There's nothing sadder that seeing an old has-been dragging around the club circuit cavalierly pumping out ever more pathetic versions of his long-ago hits. It's pitiful really, seeing a once proud artist reduced to a cynical money-grubber whose love for his music dissipated years ago. Judge Dread certainly trotted around the clubs long after his heyday was over, but unlike so many fading-to-tarnish stars, his love for his music and reggae in general only seemed to grow stronger with time. The proof was in the pudding, and King of Rudeness is indeed a tasty treat. Many of the titles will be familiar to even the most casual fan -- "Big 7," "Big 8," "Big 10," and "Up with the Cock" were, after all, big U.K. hits, as was "Bring Back the Skins" which featured on Dread's charting 5th Anniversary EP. Others featured on Dread's albums. However, none of the numbers here are the originals, and the set, judging by the sound, seems to have been recorded on-stage. Normally this is a drawback, but not in the Judge's case, for he delivers the songs with all the enthusiasm, insouciance, and fun that he did the first time around. His backing band may be less polished and more tongue-in-cheek than the Trojan session men who played on the originals, but this bunch arguably has a lot more flair. Many of the arrangements are ska-based, often featuring superb brass solos and singalong choruses, as the group joins in the fun. The younger generation of musicians who accompanied Dread in later years were crucial to keeping the Judge's music fresh and his enthusiasm from waning, and they succeeded magnificently. Reggae is awash with do-overs, as Jamaican veterans recut their classics in the latest dancehall styles, oftentimes sullying their reputations along the way. Dread, however, remained loyal to the past, and thus these rousing versions do nothing but enhance the late star's standing.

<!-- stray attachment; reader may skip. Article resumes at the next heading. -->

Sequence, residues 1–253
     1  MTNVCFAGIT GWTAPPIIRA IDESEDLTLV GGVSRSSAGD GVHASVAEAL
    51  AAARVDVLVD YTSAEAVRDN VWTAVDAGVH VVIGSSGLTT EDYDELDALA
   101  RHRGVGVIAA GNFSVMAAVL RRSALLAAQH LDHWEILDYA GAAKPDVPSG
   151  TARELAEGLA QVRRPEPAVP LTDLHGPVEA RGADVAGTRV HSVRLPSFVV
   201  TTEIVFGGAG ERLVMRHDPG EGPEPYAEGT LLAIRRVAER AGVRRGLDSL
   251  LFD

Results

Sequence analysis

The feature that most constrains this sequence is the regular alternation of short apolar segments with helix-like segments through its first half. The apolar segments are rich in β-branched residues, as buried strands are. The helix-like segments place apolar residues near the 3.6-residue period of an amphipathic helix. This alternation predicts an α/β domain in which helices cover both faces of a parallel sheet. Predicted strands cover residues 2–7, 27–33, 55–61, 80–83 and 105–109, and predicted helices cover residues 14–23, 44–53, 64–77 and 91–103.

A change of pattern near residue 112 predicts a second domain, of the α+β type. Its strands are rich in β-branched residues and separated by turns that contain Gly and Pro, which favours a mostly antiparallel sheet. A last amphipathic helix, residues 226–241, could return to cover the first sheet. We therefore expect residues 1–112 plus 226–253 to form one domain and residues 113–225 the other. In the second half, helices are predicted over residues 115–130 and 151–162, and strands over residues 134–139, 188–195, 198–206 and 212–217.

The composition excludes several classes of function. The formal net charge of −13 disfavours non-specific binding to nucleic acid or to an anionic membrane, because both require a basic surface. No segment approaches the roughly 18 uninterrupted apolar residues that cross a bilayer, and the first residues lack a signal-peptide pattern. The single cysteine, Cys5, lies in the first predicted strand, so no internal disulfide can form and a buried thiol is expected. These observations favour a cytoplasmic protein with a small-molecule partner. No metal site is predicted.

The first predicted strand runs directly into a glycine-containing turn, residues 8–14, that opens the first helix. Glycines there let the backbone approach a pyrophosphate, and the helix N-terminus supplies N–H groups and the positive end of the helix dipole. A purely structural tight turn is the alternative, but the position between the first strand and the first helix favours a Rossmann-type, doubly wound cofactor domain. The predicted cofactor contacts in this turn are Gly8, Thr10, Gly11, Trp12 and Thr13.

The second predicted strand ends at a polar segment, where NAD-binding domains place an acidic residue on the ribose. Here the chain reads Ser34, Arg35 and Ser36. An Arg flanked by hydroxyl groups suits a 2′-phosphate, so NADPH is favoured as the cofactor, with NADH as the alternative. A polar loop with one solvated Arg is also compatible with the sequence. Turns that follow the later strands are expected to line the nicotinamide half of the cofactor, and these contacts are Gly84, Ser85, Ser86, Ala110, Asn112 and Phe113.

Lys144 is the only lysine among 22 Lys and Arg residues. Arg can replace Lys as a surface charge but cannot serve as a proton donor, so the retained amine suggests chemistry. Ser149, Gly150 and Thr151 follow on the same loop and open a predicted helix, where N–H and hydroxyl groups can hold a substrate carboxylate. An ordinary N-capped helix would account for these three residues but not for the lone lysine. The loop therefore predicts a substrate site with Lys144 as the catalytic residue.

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AllMusic Review by Jo-Ann Greene